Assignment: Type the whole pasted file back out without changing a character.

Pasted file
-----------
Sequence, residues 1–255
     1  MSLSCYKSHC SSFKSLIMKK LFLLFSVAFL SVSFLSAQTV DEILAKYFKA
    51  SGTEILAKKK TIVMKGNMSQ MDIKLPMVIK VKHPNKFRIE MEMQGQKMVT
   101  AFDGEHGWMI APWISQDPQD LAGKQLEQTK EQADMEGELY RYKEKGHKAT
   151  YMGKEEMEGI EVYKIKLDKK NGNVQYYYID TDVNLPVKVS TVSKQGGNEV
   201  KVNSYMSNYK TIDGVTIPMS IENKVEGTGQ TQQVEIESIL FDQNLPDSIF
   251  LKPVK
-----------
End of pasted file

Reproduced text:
Sequence, residues 1–255
     1  MSLSCYKSHC SSFKSLIMKK LFLLFSVAFL SVSFLSAQTV DEILAKYFKA
    51  SGTEILAKKK TIVMKGNMSQ MDIKLPMVIK VKHPNKFRIE MEMQGQKMVT
   101  AFDGEHGWMI APWISQDPQD LAGKQLEQTK EQADMEGELY RYKEKGHKAT
   151  YMGKEEMEGI EVYKIKLDKK NGNVQYYYID TDVNLPVKVS TVSKQGGNEV
   201  KVNSYMSNYK TIDGVTIPMS IENKVEGTGQ TQQVEIESIL FDQNLPDSIF
   251  LKPVK